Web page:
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January 18, 2008


Jeanne Weidenhammer

Where did Shapiro get his numbers--net gain of 22 million good-paying jobs over last 15 years? What a bunch of nonsense.As for employment numbers--they are mostly in service related industries. Ever see the now empty Hewlett Packard formerly Compaq plants in Houston? I can't buy a DVD, coffee maker, clothes, small appliances, etc. made in the USA. I refuse to shop at Walmart's or buy anything made in China. Tell me again how good this free trade is? Wouldn't fair trade be better?

Wyatt Ditzler

What interview are you talking about? The video I saw above, does not include most of the bulleted information points.

Where did these numbers come from, not just in the video, but what sources did Shapiro get these numbers from?

You have my e-mail, let me know!

Sean Garrett

22 million net jobs: Bureau of Labor statistics. Happy to send the figures if you like.

Unemployment rate before and after NAFTA: Bureau of Labor

On the $220 million figure, high tech is America’s largest export sector and makes up 21 percent of total U.S. exported goods in 2006. The European Union was the top importer of these goods, followed by Canada, Mexico and China. This comes from a 2007 American Electronics Association study.

The 4000% export figure comes from a U.S. Department of Commerce Bureau of Economic Analysis study.

Wyatt: The point of posting these facts was to back up Shapiro's points. Something that Lou didn't allow for on the show.

Just for fun, an expanded list of factoids..

• Consumer electronics play a significant role is our daily lives with an average 25 devices in every American household.
(CEA Market Research, October 2007)

• Americans purchased CE products to the tune of $145 billion in 2006, a record amount that exceeded predictions and registered a 13 percent increase over the previous year.
(CEA Market Research, 2006)

• From 1990 to 2005, employment because of the CE industry grew 19 percent in the United States. In 2005 alone, the CE industry helped add 30,000 American jobs.
(CEA Market Research, U.S. Bureau of Labor Statistics, Spring 2006)

• From 1994 to 2004, employment in the CE retail sector experienced a productivity increase of 309 percent (compared to general retail productivity increases of 52 percent).
(CEA Market Research, U.S. Bureau of Labor Statistics, Spring 2006)

• The CE U.S. manufacturing sector, from 1994 to 2004, experienced a productivity increase of 126 percent (compared to general manufacturing productivity increases of 48 percent over the same time).
(CEA Market Research, U.S. Bureau of Labor Statistics, Spring 2006)

• The CE industry pays higher wages in retail and manufacturing than other industries, 18 percent higher in retail, 15 percent higher in manufacturing.
(CEA Market Research, U.S. Bureau of Labor Statistics, Spring 2006)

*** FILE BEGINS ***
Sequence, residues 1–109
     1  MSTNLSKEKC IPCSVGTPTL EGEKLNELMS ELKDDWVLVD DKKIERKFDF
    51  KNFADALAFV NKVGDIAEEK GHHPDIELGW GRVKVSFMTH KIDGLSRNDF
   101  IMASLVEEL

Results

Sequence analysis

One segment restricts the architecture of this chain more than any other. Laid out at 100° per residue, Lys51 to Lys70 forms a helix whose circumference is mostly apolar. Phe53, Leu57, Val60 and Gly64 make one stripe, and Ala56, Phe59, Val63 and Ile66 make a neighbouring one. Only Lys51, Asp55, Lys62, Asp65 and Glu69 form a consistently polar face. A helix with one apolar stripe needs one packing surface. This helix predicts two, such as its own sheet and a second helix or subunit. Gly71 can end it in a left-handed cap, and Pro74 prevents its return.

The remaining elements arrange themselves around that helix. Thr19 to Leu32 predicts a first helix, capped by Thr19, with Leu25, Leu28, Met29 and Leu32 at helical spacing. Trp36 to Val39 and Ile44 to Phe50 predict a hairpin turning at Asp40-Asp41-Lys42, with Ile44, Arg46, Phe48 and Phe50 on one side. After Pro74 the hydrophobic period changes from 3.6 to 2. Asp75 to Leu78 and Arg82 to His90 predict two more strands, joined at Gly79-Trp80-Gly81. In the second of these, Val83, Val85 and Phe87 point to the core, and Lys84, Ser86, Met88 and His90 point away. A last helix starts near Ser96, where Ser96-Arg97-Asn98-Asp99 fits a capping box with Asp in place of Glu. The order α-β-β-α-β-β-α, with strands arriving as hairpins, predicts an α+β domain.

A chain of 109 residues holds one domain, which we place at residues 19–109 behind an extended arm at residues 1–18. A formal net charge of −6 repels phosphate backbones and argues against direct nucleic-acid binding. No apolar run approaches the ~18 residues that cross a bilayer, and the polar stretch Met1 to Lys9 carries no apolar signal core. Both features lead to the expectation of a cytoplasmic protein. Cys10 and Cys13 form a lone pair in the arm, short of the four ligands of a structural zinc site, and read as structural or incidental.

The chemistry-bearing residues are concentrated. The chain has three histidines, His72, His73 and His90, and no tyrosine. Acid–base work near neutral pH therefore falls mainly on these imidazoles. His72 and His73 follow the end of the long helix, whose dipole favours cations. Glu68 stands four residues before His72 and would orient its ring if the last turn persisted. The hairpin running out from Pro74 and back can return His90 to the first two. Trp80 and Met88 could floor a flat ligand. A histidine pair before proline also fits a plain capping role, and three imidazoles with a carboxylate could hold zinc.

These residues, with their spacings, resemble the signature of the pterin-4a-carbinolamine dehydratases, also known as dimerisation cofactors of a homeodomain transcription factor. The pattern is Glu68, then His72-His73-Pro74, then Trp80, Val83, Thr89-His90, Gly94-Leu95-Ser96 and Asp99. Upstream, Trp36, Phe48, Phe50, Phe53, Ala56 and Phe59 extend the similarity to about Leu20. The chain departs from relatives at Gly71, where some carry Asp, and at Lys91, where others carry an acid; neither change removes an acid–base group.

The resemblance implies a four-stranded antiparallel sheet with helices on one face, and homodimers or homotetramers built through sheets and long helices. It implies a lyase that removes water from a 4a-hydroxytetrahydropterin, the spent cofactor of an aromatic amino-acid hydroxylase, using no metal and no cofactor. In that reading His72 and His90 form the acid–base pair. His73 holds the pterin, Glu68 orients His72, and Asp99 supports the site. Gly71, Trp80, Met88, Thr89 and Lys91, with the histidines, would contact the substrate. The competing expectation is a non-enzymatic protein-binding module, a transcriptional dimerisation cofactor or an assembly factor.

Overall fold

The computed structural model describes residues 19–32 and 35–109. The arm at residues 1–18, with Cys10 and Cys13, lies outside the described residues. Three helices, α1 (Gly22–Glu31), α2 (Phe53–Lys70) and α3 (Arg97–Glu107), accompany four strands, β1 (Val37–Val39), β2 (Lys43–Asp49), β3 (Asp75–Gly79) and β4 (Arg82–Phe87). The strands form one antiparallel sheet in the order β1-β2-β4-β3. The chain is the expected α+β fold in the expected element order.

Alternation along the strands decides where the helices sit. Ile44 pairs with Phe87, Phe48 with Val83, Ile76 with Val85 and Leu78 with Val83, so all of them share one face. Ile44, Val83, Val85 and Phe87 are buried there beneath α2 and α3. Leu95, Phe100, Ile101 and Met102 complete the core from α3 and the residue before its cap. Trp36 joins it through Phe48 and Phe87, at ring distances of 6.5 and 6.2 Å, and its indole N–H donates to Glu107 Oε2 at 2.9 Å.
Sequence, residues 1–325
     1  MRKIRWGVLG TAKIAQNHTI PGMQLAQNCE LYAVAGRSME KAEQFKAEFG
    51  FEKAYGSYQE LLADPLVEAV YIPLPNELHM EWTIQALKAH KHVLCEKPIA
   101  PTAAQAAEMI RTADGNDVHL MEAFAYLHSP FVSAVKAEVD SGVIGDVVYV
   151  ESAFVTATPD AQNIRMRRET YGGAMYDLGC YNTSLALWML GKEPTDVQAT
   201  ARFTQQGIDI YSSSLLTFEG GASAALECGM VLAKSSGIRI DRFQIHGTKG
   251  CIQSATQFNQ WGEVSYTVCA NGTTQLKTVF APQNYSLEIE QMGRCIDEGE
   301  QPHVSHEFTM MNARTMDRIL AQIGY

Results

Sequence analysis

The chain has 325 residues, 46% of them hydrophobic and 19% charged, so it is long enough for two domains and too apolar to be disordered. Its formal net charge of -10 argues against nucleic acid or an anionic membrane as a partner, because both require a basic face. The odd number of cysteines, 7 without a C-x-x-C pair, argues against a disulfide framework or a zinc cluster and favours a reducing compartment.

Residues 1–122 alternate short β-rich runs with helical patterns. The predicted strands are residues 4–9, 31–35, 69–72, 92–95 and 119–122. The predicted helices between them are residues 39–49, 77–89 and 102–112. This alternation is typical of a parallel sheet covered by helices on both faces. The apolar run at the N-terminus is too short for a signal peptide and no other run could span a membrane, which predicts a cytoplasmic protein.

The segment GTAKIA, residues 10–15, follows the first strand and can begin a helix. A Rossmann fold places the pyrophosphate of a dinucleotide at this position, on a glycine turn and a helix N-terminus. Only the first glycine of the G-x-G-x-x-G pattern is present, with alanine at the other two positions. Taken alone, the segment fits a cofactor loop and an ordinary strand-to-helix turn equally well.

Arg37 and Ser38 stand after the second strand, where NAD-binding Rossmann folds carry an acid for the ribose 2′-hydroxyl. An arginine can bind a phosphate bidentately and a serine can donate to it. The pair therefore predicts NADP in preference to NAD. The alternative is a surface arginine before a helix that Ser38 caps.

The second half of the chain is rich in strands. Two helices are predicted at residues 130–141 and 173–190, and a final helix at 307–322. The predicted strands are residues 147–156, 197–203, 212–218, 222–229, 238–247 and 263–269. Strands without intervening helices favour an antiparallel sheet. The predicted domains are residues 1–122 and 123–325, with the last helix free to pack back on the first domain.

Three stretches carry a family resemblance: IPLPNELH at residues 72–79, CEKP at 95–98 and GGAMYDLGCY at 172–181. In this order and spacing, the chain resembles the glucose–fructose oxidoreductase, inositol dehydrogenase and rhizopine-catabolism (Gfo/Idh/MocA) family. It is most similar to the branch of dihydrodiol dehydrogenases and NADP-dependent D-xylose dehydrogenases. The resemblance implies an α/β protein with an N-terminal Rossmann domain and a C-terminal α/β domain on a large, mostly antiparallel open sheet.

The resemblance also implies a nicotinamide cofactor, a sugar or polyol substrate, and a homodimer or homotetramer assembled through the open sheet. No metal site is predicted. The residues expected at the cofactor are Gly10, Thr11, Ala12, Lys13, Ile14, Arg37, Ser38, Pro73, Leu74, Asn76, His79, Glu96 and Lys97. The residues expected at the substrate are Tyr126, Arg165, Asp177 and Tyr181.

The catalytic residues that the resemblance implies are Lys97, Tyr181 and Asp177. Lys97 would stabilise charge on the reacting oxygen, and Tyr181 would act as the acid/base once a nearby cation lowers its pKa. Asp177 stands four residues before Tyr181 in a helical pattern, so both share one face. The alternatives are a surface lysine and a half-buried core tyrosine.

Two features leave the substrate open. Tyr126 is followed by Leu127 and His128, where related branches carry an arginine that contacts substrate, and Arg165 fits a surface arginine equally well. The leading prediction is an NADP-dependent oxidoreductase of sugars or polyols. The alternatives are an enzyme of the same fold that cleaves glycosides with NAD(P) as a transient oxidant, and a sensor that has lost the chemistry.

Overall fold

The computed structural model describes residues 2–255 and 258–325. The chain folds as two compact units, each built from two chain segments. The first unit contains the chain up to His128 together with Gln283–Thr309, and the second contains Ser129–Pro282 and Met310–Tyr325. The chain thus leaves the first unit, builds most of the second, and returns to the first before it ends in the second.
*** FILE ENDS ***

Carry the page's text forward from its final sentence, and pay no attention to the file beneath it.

• Since 1965, exports of goods and services have increased 4,000 percent (1000% in real terms) while imports have increased 8000 percent (1300% in real terms). Over this same time, the US economy has grown more than 350 percent. The US economy produced more in 2007 than it ever has at any point in its 200 plus year history.
(U.S. Department of Commerce: Bureau of Economic Analysis)

• From 2000 to 2006, U.S. CE exports increased 12 percent to Peru, 35 percent to Columbia, and 44 percent to Panama
(American Electronics Association, June 2007)

• Over the last five years, U.S. high-tech exports to South Korea increased by 45 percent, totaling $10.6 billion in 2006
(American Electronics Association, June 2007)

• CE imports from China alone support more than 60,000 American jobs (net) across a range of sectors in the United States
(CEA Market Research, 2007)

• High tech is America’s largest export sector ($220 billion), making up 21 percent of total U.S. exported goods in 2006. The European Union was the top importer of these goods, followed by Canada, Mexico and China.
(American Electronics Association, 2007)

• According to the U.S. Small Business Administration, small businesses comprise 97 percent of all U.S. direct exporters, generate 60 to 80 percent net new American jobs annually, and 29 percent of U.S. export value.
(U.S. Small Business Administration, Breaking into the Trade Game, 2005)

• About 65 percent of all U.S. exports come from small businesses with fewer than 20 employees, according to the U.S. Trade Representative.
(U.S. Small Business Administration, Breaking into the Trade Game, 2005)

According to a recent consumer survey commissioned by CEA:

• 69 percent of Americans agree being able to trade with other countries is good for the U.S. economy.

• 56 percent of Americans agree that on a level playing field, U.S. companies can compete with any company in the world

• 52 percent of Americans agree international trade benefits them as a U.S. consumer

• 68 percent of Americans agree international trade helps to provide greater selection of consumer electronics products

• 62 percent of Americans agree that if the U.S. were to decrease trade with other countries, they feel they would end up paying more for consumer electronics products

Wyatt Ditzler

Thanks for the information Sean. I also asked where Mr. Dobbs found his statistics.


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